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Interview: Dejobaan Games' Lambe, Jaitley On Doing Things A Little Different

Interview: Dejobaan Games' Lambe, Jaitley On Doing Things A Little Different Exclusive

July 27, 2010 | By Mike Rose

July 27, 2010 | By Mike Rose
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Founded in 1999, Dejobaan Games spent the first half of the 00's developing games for PalmOS PDAs, but in 2005, the team's profile began to heighten as it switched its efforts to PC gaming, developing shareware titles for Windows.

In 2008, Dejobaan released The Wonderful End of the World, a Katamari Damacy-like game that earned positive reviews and was eventually published on Valve's Steam service. Riding on this confidence boost, the team released its next game in 2009. Ostentatiously named AaaaaAAaaaAAAaaAAAAaAAAAA!!! A Reckless Disregard for Gravity, the game is Dejobaan's best-received title yet, and has thrust the small studio into the spotlight.

Since then, the Dejobaan crew has branched out into many parts of indie gaming, interviewing other developers and creating a fan club for its followers. We sat down with co-founders Ichiro Lambe and Leo Jaitley to talk about their rise to indie fame, the Dejobaan fan club, and what the future holds for them.

Who makes up the Dejobaan Games team, and what do you each do?

Ichiro Lambe: The core team comprises three people -- Dan Brainerd, Leo Jaitley, and me. By "core," I mean, "If any of us die, we stop being substantially the same company, and possibly go out of business."

Dan's our narrative and gameplay guy. He breaks into team meetings and says things like, "Hey, how about a player feedback button in our game that, after you enter your text and hit 'send,' it does one of those 'sending e-mail' animations, where it packages the text up, brings it across the screen, crumples it up, and throws it into the trash?"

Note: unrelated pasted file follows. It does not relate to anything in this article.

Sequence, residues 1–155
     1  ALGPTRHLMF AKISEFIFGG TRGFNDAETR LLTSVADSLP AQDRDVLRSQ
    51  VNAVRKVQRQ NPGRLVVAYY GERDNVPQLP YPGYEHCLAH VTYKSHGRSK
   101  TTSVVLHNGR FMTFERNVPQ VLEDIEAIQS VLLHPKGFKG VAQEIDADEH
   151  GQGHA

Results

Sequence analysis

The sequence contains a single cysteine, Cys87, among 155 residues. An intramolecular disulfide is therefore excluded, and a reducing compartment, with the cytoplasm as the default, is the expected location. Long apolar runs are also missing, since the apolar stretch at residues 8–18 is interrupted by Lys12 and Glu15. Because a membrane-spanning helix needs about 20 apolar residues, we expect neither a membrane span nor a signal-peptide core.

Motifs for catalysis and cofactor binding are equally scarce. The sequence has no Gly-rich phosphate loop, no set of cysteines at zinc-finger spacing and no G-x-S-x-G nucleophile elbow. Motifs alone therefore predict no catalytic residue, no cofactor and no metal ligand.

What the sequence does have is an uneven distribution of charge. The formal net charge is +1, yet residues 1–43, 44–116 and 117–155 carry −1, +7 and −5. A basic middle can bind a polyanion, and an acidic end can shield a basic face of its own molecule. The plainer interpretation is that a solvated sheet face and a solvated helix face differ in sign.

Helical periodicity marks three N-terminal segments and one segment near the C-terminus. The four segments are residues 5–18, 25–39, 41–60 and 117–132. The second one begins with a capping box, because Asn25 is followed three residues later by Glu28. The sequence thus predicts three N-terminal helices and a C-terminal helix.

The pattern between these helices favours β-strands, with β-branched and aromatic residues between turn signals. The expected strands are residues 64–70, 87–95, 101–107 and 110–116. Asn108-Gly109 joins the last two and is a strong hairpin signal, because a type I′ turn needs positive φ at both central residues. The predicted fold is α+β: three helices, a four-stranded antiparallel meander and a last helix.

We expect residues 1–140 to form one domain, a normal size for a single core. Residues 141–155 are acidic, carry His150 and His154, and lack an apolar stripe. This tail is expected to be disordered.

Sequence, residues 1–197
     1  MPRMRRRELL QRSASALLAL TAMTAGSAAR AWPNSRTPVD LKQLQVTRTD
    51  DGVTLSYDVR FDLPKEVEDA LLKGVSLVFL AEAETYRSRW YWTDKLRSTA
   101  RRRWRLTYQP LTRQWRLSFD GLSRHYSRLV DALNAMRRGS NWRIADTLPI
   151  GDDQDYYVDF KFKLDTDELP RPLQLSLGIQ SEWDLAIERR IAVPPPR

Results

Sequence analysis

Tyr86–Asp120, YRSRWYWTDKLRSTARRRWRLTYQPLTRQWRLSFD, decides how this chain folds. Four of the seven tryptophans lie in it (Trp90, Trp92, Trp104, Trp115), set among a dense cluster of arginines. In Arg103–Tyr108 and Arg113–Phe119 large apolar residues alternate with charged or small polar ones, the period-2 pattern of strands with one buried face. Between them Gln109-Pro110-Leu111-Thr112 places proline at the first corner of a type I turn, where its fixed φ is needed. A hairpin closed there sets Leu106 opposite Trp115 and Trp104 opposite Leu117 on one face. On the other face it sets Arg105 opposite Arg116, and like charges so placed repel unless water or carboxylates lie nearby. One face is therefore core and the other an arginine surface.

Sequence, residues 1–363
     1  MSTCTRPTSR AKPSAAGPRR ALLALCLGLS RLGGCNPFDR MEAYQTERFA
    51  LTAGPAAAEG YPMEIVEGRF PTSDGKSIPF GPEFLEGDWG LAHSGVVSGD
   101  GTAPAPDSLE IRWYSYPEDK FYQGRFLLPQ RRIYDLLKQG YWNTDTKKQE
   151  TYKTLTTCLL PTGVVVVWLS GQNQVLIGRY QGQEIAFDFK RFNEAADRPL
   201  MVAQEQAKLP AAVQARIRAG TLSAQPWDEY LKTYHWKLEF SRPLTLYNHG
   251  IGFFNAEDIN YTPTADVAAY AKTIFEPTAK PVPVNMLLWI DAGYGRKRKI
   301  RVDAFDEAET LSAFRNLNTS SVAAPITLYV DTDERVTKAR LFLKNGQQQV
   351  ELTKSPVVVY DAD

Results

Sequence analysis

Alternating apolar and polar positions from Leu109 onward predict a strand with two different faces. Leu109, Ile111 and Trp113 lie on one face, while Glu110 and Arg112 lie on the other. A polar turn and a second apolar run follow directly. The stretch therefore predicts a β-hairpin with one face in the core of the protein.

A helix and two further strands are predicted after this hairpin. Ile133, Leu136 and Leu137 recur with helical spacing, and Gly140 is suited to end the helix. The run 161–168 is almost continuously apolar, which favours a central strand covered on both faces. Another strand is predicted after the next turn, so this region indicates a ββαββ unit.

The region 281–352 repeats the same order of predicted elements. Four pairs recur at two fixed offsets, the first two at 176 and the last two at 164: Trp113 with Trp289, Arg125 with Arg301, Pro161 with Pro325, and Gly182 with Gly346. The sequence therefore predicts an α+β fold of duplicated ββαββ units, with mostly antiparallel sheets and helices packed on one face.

Then the whole room laughs. Video games need more of that. Life needs more of that.

Leo's on marketing and strategy. He has an especially good handle on how design and marketing are two sides of the same coin. The "M" word isn't evil. When applied properly, it helps us become more creative: "How is this game so remarkable and different that people will talk to their friends about it? What was that? No, '15 distinct musical tracks' doesn't cut it. Yes, 'mooning people for food' is awesome."

Leo is also my downstairs neighbor, with whom I co-own the Dejobaan House of Excitement. We have the garden out back, where we grow eight different types of lettuce, swiss chard, five varieties of tomato, and so forth. When we need to center ourselves, we'll go out into the garden and gape as the beans grow.

Leo and I ask many of the same questions of gardening that we do of game development. "What do we want to grow next year?" "What's our goal here?" "What's more awesome -- yellow watermelon or a huge plantation of Scotch Bonnet peppers?" If you ever end up in Boston during the summer, you are welcome to walk the garden with us.